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By Dave Rogers
For the Record 

County to take in unwanted boats


Last updated 1/11/2022 at 9:42pm

Dave Rogers

Craig Cook of the Texas General Land Office addresses the OC Commissioner's Court

People driving from Bridge City to Orange are always watching change happen. Especially lately.

First there was High Tides restaurant going in beside the Cow Bayou bridge. Then Chevron-Phillips Chemical began clearing land for a multi-million dollar project they haven't decided on.

Not that long ago, the side of the road underwent another change.

The old fishing boat dumped on the west side of the bridge is gone.

The state of Texas spent $2.8 million in the last year removing abandoned vessels along the Gulf Coast, including that one, said Craig Cook of the Texas General Land Office.

The Cow Bayou boat was one of 10 Orange-area boats removed at a total cost of $278,000, Cook said.

He was in Orange Tuesday for County Commissioners Court and sold the elected officials on sponsoring a Marine Vessel Turn-In in March.

The county will advertise the program, which is tentatively scheduled to take place at the Orange County Landfill for two weeks of Tuesdays, Thursdays and Saturdays.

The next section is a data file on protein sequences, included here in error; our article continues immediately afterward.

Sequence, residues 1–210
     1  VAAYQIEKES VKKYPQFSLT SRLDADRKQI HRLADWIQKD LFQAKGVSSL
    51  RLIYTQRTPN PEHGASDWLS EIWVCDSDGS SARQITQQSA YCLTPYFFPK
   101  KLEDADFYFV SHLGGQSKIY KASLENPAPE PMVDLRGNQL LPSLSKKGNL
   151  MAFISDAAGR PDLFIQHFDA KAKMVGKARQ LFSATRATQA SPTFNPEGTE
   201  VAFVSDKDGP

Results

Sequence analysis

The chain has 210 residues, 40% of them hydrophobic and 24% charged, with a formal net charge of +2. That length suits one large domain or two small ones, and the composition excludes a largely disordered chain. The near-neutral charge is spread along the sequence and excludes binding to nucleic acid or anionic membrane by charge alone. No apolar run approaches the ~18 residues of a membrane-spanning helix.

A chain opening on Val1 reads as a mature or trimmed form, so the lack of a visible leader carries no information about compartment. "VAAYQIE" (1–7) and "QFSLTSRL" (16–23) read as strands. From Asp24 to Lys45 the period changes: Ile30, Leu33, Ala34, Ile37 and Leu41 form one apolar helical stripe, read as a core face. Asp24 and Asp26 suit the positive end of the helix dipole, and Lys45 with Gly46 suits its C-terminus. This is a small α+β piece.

There should be no cost to turn in old boats.

"Since we started this program, we've held 20 boat turn-ins and have taken in 917 vessels," Cook said. "We would like this to be an annual thing, and we hope that over time, the numbers will go down to a point where we can handle each case individually."

The program brings reps from the GLO and the Texas Parks & Wildlife Department to an area to take in junked boats before they get abandoned along a roadway or in a waterway.

Cook pointed out that many older boats, like cars and recreational vehicles, are abandoned because owners lack titles and ownership titles are required before junkyards can take them in.

But he says the cost to remove a vessel from the water can go as high as $450 per foot, but the cost to crush a boat and take it to a junkyard can be as little as $12 per foot.

"I think it's a good program, and we ought to take advantage of it," County Judge John Gothia said.


OC COVID cases continue to spike


New cases of COVID-19 in Orange County rose to 653 last week, Morgan Taylor of the Emergency Management Office reported Tuesday.

Sixteen of the new positive cases have been hospitalized, one put on a ventilator. Eight of the 16 hospitalized were vaccinated, Taylor said.


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